The Defense Acquisition Board (DAB), chaired by the Defense Acquisition Executive (DAE) or designee, advises the DAE on critical acquisition decisions when the DAE or designee is the MDA; DoD Components will establish similar procedures for other MDAs.  Acquisition decision memorandums (ADMs) document decisions resulting from these reviews.

Overarching Integrated Product Teams and similar organizations within the Components assist the MDA in making sound investment decisions and ensuring programs are structured and resourced to succeed.  However, these organizations are not decision bodies and do not supplant the authority of the PM, Program Executive Officer PEO, component acquisition executive CAE, or DAE.


DoD Process Relationships

Acquisition, requirements, and budgeting must operate simultaneously in close coordination.  Validated requirements provide the basis for defining the products.  The budgeting process determines DoD priorities and resource allocations and provides the funds necessary to execute planned programs.  Adjustments may have to be made during a program’s life cycle to keep the three processes aligned to ensure programs are executable and to adapt to evolving circumstances.

Flexible Implementation

Tailoring may be applied to various aspects of the acquisition process, including program documentation, acquisition phases, the time and scope of decision reviews, supportability analysis, and decision levels consistent with all applicable statutory requirements.  MDAs will structure programs based on the product being acquired, considering complexity, risk, security, and urgency to satisfy the capability requirements.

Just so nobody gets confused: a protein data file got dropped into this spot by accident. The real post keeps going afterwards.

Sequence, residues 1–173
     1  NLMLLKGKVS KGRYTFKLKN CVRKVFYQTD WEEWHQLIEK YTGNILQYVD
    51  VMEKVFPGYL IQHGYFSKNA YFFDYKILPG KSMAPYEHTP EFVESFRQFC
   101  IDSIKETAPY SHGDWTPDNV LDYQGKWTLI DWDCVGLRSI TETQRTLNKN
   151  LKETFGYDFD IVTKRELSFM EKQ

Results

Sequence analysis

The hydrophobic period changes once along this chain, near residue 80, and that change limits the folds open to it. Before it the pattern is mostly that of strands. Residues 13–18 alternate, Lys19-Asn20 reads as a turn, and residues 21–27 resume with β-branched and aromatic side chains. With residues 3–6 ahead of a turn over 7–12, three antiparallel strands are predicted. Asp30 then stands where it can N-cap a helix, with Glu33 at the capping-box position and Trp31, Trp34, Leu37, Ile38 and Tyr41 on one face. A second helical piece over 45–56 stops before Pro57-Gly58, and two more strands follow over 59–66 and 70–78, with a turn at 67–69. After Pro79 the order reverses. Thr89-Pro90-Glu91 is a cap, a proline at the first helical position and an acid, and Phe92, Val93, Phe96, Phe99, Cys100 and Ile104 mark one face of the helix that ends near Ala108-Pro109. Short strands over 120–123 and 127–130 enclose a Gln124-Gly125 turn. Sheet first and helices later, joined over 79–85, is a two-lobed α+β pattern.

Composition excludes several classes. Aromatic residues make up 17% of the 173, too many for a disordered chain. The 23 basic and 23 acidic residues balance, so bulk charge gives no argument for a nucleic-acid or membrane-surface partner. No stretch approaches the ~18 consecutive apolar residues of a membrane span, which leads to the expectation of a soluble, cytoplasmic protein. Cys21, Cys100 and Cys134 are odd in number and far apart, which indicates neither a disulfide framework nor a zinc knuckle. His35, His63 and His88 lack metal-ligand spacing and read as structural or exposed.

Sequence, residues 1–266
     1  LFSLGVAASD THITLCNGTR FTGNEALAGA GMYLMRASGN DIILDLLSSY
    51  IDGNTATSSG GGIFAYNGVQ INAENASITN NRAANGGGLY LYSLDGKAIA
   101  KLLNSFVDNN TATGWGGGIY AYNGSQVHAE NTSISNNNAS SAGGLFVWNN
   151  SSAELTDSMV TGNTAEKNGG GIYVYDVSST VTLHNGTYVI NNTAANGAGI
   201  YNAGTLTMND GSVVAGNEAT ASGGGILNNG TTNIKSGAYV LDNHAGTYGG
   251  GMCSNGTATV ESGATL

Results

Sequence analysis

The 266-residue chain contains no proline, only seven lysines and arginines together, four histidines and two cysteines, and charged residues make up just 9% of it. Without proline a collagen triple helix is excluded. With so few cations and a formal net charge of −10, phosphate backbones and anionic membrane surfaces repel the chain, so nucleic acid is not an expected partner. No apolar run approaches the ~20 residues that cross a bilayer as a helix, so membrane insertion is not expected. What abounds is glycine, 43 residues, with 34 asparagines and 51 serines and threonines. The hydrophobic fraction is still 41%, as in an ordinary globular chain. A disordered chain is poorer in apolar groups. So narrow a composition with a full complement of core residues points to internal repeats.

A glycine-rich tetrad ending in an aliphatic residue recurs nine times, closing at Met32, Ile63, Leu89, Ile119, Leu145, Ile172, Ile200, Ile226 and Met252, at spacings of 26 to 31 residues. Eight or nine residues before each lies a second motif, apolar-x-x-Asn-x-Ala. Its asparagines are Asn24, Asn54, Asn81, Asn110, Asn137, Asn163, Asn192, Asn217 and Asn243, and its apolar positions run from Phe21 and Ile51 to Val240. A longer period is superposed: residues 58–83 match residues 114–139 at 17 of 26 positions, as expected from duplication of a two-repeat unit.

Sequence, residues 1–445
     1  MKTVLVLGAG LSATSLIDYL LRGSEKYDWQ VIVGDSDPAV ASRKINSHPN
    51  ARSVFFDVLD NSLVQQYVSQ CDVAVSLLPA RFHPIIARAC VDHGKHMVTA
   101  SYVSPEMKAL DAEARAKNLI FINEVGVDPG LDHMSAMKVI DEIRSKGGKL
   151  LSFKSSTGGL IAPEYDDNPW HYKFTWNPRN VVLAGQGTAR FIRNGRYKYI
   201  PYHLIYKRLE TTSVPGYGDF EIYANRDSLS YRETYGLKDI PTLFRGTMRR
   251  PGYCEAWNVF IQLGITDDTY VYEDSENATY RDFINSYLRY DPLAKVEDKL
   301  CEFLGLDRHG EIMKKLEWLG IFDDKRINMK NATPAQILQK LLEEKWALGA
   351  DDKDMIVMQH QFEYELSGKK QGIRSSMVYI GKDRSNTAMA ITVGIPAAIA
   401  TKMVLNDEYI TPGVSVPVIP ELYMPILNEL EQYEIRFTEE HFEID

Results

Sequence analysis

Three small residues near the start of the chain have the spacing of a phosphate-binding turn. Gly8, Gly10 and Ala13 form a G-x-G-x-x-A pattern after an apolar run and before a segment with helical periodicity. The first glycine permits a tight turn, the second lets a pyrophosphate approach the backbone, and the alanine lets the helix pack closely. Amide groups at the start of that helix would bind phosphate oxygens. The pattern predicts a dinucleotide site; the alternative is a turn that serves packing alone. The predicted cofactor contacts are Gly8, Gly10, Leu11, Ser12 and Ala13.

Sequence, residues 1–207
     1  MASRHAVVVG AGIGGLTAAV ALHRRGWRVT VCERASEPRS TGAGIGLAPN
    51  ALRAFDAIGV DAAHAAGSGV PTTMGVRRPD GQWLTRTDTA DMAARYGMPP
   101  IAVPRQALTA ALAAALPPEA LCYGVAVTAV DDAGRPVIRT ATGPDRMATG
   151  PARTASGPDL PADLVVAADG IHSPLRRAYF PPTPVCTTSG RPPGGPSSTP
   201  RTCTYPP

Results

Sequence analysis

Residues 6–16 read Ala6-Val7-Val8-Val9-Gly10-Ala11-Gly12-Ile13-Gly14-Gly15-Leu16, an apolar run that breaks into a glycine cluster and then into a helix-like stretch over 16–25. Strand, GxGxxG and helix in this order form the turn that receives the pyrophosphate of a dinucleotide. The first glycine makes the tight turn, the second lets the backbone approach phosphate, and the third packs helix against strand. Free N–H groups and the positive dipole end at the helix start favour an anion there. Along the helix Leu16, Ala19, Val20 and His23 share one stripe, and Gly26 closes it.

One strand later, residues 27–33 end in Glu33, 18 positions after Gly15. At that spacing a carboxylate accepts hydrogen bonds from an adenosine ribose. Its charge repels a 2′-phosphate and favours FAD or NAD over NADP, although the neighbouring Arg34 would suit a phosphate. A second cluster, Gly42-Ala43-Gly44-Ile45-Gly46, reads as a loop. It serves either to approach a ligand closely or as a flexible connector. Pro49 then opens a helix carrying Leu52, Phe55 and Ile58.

PMs will “tailor-in” the regulatory information to describe their program at the MDD or program inception.  The MDA will review PM recommendations and resolve issues and coordinate with regulatory document approval authorities to facilitate implementation.  Statutory requirements will not be waived unless permitted by statute.

Technologies successfully demonstrated via Rapid Prototyping using the Middle Tier of Acquisition (MTA) or other prototyping authorities, may be transitioned to MCA programs as approved by the MDA.  The technologies may provide the technical foundation for a formal acquisition program, incrementally improve a program capability, or support the development and insertion of more efficient program components.  Similarly, products and technologies successfully demonstrated via Rapid Fielding procedures under MTA may transition to an MCA program.  DoD Instruction 5000.80, Operation of The Middle Tier of Acquisition (MTA), provides further direction for using the MTA pathway.

Additional information

Additional information and resources pertaining to MTA can be found on the MTA Pathway page.  When considering the use of multiple pathways, the USD(A&S) Accounting for Program Costs When Acquisition Framework Pathways Are Used Sequentially or in Combination Memo should be examined to understand how to approach program costs when different pathways are used in sequence or in combination.

Acquisition Process Decisions and Phases

Acquisition decisions will be made at the lowest authorized level, commensurate with the ACAT and program risk, to ensure they are timely, and made by those with the greatest knowledge of the program.  The MCA model depicted below lays out the major activity phases and decision points that apply to almost any acquisition are further discussed in other pages of the MCA pathway discussion.  Figure 2 details the major capability acquisition model.

Figure 2. Major Capability Acquisition Model

Information Requirements

The Adaptive Acquisition Framework Document Identification (AAFDID) tool identifies the complete set of statutory and regulatory information requirements applicable to the MCA pathway. Requirements vary based on ACAT level. While statutory requirements must be satisfied unless the statute allows for waivers, regulatory requirements may be tailored at the MDA’s discretion. PMs must comply with the online requirements consistent with DoDI 5000.85.